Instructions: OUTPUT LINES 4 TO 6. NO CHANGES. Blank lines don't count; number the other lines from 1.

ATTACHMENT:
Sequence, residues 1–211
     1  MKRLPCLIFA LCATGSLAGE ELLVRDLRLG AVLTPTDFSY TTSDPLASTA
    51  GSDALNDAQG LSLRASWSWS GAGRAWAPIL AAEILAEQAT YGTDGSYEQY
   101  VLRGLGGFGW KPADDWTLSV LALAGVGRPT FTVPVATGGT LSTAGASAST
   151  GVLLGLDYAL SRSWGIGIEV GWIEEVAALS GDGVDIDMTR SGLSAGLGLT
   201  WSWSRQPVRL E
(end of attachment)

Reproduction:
   101  VLRGLGGFGW KPADDWTLSV LALAGVGRPT FTVPVATGGT LSTAGASAST
   151  GVLLGLDYAL SRSWGIGIEV GWIEEVAALS GDGVDIDMTR SGLSAGLGLT
   201  WSWSRQPVRL E